I struggle during this time of year. Less hours of daylight really affect me. I literally start counting the days until December 21 when all will change in seconds of daylight. Yes, I'm that weird. I need daylight. The more I have, the better life is. On top of the natural change on this planet when depending on where you live, you also are getting less daylight hours, there is the added shift about "the holidays" and spending time with relatives and family.
When I was little, I loved Thanksgiving and the entire month of December. I come from a family of hunters and during this time of year, a lot of our family would gather at our home to go hunting. Obviously I did not go hunting - you couldn't pay me to kill anything, but I loved our breakfasts together as a big family at 5 am and our dinners were even more fun. Everyone had stories to tell of the day's adventures that revolved around the game of predator and prey. Our family walked for miles, laid on the ground to blend in with the hillside and hunted like a pack. They worked together to drive dear to a suitable place to shoot one. They communicated with body language to give the shot to whomever had the best vantage point. I've always loved the honor and respect my family had for the deer they killed. It was never about shooting just any deer that came into their scope. The deer had to be a certain size, otherwise they wouldn't have time to become that 12 point buck that all hunters hope to find. My father had some of the best stories of leaving deer. My favorite story was about the all black doe he encountered in a snowy field. I loved how he described her as "beautiful". My father didn't usually use words like that, but that deer brought it out in him. His one word inspired me to search for that black doe for the next couple of winters. To my dismay, I never saw her. Just knowing she was there and the quest to find her was well worth it.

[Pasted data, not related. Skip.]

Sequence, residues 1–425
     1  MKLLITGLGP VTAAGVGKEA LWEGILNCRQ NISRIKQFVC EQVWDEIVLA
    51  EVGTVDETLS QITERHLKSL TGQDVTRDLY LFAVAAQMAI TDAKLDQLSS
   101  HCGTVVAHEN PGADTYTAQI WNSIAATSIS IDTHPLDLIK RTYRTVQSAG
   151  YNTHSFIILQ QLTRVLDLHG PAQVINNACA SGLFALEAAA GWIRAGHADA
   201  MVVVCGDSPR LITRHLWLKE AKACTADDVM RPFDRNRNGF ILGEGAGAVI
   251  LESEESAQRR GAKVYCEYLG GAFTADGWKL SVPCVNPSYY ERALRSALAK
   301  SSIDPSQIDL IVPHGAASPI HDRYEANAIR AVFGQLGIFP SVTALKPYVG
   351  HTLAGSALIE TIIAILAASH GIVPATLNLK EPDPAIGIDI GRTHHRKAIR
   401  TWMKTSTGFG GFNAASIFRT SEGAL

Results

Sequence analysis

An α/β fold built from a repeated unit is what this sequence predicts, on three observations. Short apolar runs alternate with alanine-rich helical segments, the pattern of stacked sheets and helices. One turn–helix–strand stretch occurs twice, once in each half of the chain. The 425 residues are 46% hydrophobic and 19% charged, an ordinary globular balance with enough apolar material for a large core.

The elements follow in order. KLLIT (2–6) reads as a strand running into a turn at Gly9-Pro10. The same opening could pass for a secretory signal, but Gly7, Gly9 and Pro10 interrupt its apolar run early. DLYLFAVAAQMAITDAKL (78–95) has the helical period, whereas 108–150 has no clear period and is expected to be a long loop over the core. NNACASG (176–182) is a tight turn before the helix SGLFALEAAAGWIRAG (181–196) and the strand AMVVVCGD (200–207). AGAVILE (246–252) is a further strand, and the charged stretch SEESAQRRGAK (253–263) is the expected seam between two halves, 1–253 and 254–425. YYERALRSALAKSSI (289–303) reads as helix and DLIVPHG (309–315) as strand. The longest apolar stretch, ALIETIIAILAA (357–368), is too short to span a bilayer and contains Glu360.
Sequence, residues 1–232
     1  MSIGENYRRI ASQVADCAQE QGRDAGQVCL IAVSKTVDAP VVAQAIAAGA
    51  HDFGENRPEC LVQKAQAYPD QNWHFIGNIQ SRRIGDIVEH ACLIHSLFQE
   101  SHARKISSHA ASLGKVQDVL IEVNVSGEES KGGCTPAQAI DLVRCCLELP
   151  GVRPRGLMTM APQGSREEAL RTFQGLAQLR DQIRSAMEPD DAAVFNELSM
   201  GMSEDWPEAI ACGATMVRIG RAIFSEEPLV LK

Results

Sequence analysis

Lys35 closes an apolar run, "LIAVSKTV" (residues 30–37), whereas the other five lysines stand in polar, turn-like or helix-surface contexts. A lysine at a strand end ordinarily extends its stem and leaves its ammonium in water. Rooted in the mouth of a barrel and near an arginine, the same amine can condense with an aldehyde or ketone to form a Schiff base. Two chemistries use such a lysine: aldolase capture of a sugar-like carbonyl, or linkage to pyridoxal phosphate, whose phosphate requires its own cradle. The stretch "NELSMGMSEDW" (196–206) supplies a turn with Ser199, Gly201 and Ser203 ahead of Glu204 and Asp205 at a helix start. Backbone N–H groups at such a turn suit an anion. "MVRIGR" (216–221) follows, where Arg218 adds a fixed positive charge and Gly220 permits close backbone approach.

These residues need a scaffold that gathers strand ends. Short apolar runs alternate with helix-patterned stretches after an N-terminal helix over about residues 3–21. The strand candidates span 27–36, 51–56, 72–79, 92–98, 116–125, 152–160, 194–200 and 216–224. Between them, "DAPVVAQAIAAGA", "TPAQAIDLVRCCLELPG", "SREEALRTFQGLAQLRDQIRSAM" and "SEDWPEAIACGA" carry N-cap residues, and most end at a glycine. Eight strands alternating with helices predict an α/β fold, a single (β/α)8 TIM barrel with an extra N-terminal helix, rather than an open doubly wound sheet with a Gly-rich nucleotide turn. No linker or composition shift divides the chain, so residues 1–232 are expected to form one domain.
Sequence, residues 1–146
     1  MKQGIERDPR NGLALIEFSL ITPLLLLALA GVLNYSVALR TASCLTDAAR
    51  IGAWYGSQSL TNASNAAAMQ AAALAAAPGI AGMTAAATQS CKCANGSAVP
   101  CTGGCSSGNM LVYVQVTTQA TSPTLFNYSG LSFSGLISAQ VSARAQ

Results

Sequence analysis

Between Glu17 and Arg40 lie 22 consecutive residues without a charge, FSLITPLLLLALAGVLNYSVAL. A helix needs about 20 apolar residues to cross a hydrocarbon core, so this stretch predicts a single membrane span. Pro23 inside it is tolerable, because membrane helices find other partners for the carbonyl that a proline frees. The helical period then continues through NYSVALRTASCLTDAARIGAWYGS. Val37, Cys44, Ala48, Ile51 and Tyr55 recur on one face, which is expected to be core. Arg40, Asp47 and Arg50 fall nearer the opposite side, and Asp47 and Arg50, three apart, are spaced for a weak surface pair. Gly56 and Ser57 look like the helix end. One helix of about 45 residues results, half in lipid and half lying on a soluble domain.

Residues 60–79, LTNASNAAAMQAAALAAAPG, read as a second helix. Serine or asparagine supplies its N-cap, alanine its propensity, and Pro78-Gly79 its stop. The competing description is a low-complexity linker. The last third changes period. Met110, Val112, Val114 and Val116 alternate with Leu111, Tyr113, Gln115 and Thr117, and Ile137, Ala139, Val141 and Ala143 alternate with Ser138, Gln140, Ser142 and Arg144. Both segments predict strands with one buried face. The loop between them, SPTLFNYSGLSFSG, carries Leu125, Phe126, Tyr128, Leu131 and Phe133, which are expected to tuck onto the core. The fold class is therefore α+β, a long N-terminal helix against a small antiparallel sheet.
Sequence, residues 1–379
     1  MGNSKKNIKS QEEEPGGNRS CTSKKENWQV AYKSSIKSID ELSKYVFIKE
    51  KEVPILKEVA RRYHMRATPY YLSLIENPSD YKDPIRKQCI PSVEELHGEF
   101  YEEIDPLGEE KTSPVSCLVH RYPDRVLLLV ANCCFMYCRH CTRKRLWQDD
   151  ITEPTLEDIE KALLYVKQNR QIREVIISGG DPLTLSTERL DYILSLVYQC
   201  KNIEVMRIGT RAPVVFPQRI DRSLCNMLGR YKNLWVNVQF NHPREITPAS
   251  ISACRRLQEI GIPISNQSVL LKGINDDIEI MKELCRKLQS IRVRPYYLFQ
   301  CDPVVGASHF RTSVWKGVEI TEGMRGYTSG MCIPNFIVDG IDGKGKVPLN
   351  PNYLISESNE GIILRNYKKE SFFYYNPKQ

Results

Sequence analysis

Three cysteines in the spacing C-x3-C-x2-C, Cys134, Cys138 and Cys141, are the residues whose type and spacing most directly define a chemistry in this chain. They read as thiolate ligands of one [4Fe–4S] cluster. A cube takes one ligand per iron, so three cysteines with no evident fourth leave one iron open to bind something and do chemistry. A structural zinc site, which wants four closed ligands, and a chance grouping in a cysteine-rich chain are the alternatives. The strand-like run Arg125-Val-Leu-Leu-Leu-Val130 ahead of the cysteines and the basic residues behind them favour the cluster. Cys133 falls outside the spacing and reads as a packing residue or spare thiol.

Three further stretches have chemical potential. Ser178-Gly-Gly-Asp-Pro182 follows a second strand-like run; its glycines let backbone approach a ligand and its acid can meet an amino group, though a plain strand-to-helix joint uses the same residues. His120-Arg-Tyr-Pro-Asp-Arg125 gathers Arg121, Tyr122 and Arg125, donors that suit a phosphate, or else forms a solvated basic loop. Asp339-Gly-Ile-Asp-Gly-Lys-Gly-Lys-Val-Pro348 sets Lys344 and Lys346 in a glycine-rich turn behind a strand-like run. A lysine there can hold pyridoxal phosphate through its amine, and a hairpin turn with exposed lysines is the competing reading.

Our time together as a family was always full of laughter, lots of cajoling, pranks and of course, food. At no point in our time together was there feelings of contempt or anger towards each other, that is unless one noticed the space that was held inside our home for talking late into the night. During those long hours of conversation, I learned to listen and feel my mother's uneasiness when my father walked into the room. Generational trauma had grabbed ahold of my mother and wouldn't let go. She was inadvertently projecting her fear of her own father onto her husband - probably because they were so similar in age. I didn't know that back then. I felt her fear and worry. I was confused by all the signals I was getting from my parents, my siblings, and the energy surrounding our little kitchen in that one hundred year old farm house. My dad didn't scare me at all. If anything, he was our rock, the person who protected us, raised our food, and took us on adventures.
When families come together, we can take those opportunities to really listen to one another - in all the ways there are to listen. Not just hearing the words, but paying close attention to the feeling behind those words, the pain that is behind them, and what is NOT being said. This Thanksgiving and for the rest of the year (there's only 44 days left of 2022) stop the inner dialogue in your brain when you are listening to someone else. Honestly, it's the ego drowning out what the other person is really saying. It takes practice, but slowing down to notice the person's posture, their breathing, what their hands and eyes are doing when they speak allows you, the listener to stay present, involved and truly holding space for your family. Currently, my favorite question to ask clients is "How do you want it to be with your loved ones?" It's amazing what comes out of their mouths. How do I want it to be? Let that simmer in your heart and then say how you really want it to be this holiday season. It may surprise you how lovely it actually is.
Love and Light my friends!